Could Upfront Tumor Sequencing Replace Current Screening Approaches to Lynch Syndrome?
Posted: Thursday, August 2, 2018
Utilizing upfront tumor sequencing to identify Lynch syndrome in patients with colorectal cancer seems to be simpler and more sensitive than the current approach, which involves up to six sequential tests, revealed researchers with the Ohio Colorectal Cancer Prevention Initiative. Colin C. Pritchard, MD, PhD, of the University of Washington, Seattle, and colleagues, found that the single test may simplify the diagnostic workup for patients with colorectal cancer while simultaneously providing critical information for treatment selection. The results were published in JAMA Oncology.
Tumor DNA from 419 colorectal cancer cases undergoing standard universal tumor screening and germline genetic testing was also screened using tumor sequencing. Additionally, researchers performed blinded tumor sequencing on DNA samples from 46 patients known to have Lynch syndrome.
Upfront tumor sequencing identified all 46 known Lynch syndrome cases in the validation cohort and an additional 12 cases from the 419-member prospective cohort, whereas standard testing missed 5 and 6 cases of Lynch syndrome in each cohort, respectively. Tumor sequencing demonstrated superior sensitivity and similar specificity compared with standard testing, which includes both microsatellite instability analysis and immunohistochemical staining followed by BRAF p.V600E testing.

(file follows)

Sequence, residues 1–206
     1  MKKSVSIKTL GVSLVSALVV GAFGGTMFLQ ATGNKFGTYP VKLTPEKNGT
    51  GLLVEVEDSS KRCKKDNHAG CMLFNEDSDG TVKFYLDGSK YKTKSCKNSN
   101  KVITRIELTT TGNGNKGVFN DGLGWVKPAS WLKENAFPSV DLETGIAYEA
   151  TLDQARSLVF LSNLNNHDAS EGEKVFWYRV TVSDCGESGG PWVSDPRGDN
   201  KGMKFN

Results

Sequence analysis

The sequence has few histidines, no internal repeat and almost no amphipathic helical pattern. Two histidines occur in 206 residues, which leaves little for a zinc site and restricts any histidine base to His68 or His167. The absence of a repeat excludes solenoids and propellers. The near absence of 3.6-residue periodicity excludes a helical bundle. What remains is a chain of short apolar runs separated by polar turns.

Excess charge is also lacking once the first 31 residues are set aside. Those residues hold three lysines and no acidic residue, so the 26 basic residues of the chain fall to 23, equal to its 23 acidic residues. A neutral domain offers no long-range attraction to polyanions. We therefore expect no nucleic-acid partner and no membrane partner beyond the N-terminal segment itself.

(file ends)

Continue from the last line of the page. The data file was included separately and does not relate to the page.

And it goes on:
Tumor sequencing was successful in identifying 284 cases with KRAS, NRAS, or BRAF mutations, which could affect therapy for stage IV colorectal cancer. It thereby eliminated the need for an additional test. In addition, in eight patients, it also detected germline mutations that confer toxicity to fluorouracil chemotherapy, which could be valuable information for treatment selection.